Ys IX: Monstrum Nox Review


Ys IX: Monstrum Nox Review

School of Hard Nox... 

For the uninitiated, the long-running Ys franchise has had an illustrious history, through multiple generations of video gaming. The JRPG had been proclaimed at one point as the pinnacle in action-adventure role-playing titles, with an an original narrative that has not amassed a cult following, but has managed to maintain a devout audience from its first release on PC, back in June of 1987. Primarily known as “Ancient Ys Vanished”, the tale of young adventurer Adol Christin (known as Aron in some circles), see’s the swordsman traverse through the land of Esteria. In the small village town of Minea, Sara, a fortune teller informs our hero of a great threat which draws near and the only way to stop this malevolent presence is to collect all six Books of Ys. Throughout its prolific timeline, Ys has attracted a mixture of gamers that have gone on to appreciate the series mixture of mechanics.

From the classic top-down, turn-based encounters to the modern musou freestyle hack-and-slash, Ys has evolved much like many established series that share a similar path. An establishment within its category anbd inspiring a litany of other franchises alike, Ys continues to demonstrate itself as a staple within the gaming industry, adapting and re-inventing itself with every new chapter. It refuses to recycle the same old ploy for fans to simply accept. A refreshing touch of gameplay and presentation seeps its way through, and makes for an encroaching follow-up each, and every single time. It maintains its high distinction for being one of the greats in gaming, paving the way for many other series to follow in its footsteps.

The Monstrum Mash...

Our tale continues with heroic traveller Adol Christin, as his expedition leads him towards the northeast of Esteria, near the Gllia region which sits under the guard of Romun. It’s there where young combatant is confronted with false accusations made to frame him for the disappearance of the Romun imperial fleet, a militant group that keeps guard of the land. It’s unknown of the army’s whereabouts after the force were sent on a voyage through the Atlas Ocean. Transported to Balduq, the youngster is held captive within the confines of ‘prison city’, the largest jail facility in Esteria. The intimidating high walls of Balduq are its trademark for keeping prisoner’s at bay, without hope of ever escaping. While the town itself may seem like a forgotten dystopia, its bustling nature contrasts its over exaggerated aesthetic.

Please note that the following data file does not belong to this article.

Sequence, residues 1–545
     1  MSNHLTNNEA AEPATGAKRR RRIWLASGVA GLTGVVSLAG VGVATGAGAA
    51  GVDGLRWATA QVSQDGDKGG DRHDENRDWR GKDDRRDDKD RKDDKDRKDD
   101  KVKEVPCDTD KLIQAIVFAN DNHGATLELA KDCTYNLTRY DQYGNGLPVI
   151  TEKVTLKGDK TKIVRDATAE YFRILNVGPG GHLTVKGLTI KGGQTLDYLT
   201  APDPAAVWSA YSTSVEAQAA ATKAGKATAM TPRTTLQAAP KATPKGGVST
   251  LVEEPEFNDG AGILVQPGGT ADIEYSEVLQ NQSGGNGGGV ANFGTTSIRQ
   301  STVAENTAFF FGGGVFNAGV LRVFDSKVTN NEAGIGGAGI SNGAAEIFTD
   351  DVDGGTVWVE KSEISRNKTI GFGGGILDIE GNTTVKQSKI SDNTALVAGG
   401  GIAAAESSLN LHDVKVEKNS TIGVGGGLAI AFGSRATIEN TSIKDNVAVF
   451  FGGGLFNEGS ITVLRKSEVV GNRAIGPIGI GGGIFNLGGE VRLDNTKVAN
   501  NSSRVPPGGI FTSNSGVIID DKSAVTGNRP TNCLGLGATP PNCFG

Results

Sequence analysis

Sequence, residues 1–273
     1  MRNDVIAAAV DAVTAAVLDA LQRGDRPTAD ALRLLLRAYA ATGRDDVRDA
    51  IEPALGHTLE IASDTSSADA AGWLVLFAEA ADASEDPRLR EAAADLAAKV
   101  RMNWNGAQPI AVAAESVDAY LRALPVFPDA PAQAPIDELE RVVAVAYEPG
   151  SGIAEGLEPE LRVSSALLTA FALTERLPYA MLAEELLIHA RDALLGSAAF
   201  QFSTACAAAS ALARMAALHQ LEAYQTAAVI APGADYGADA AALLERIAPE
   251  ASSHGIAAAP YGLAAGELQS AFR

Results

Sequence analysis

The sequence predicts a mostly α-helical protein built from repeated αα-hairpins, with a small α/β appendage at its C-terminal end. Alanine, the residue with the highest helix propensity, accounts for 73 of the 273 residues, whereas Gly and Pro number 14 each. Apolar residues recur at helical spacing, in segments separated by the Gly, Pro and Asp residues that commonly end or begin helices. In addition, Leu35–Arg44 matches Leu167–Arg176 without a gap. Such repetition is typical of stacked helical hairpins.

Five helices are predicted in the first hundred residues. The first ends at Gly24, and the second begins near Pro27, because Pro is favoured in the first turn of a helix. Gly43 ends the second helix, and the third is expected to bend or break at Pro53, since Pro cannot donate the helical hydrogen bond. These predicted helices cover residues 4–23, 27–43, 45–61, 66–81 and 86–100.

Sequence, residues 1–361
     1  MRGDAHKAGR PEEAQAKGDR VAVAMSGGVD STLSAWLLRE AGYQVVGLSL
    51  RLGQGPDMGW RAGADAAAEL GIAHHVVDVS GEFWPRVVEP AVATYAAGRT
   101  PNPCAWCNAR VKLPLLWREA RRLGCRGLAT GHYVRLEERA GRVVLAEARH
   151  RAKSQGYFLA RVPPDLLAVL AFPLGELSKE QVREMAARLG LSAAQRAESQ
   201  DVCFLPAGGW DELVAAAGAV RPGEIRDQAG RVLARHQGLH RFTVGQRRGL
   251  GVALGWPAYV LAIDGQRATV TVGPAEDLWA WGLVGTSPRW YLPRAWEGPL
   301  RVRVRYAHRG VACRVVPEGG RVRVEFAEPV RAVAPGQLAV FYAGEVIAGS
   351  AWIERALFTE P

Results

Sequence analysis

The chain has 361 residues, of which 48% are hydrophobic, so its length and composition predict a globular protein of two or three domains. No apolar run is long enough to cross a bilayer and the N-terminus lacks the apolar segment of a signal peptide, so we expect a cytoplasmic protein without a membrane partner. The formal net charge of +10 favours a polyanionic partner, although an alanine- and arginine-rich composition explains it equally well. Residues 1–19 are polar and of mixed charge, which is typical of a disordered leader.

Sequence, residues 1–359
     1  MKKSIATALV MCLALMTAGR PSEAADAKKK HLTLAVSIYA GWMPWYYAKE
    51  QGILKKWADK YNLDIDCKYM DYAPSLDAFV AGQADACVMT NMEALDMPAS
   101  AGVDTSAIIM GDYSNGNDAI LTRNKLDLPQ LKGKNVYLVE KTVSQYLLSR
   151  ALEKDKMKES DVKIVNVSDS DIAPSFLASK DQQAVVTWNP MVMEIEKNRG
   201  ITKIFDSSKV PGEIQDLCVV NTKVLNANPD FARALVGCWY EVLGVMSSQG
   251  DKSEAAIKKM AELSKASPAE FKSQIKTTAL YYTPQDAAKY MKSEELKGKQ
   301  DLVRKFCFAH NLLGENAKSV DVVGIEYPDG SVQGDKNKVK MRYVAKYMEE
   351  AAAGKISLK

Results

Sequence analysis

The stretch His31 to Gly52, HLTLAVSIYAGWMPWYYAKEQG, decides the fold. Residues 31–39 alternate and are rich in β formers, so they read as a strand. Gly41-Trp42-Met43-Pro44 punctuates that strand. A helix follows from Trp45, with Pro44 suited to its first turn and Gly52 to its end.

Aided by a cloaked figure, Adol escapes his captivity and explores the archaic metropolis. The outskirts of Balduq have slowly evolved throughout the years from desolate wasteland to a lively patronage. Motels, Bars, Banks and most importantly, transportation facilities are on the rise, with public baths and theatre’s in development. A true uprising and turnaround for such a bleak hope in the former Balduq. While things are looking spectacular for the establishment, a rumour swirls within circles that a new evil is on a warpath towards Esteria, known as “Monstrums”. Described as haunting apparitions, Adol begins to recognise some distinct attributes, namely the attire these ghoulish figures are draped with. These “demons” are said to possess supernatural talents, that are putting them to use for evil in majority of circumstances, while some are helping the less fortunate of Balduq’s populace.

Ys IX displays hope, heart, charm, and the series' biggest effort in some time. A carefully penned narrative that continues the tale of our crimson maned, silver clad hero, transforming into a superior version of himself to take apart the overruling empire...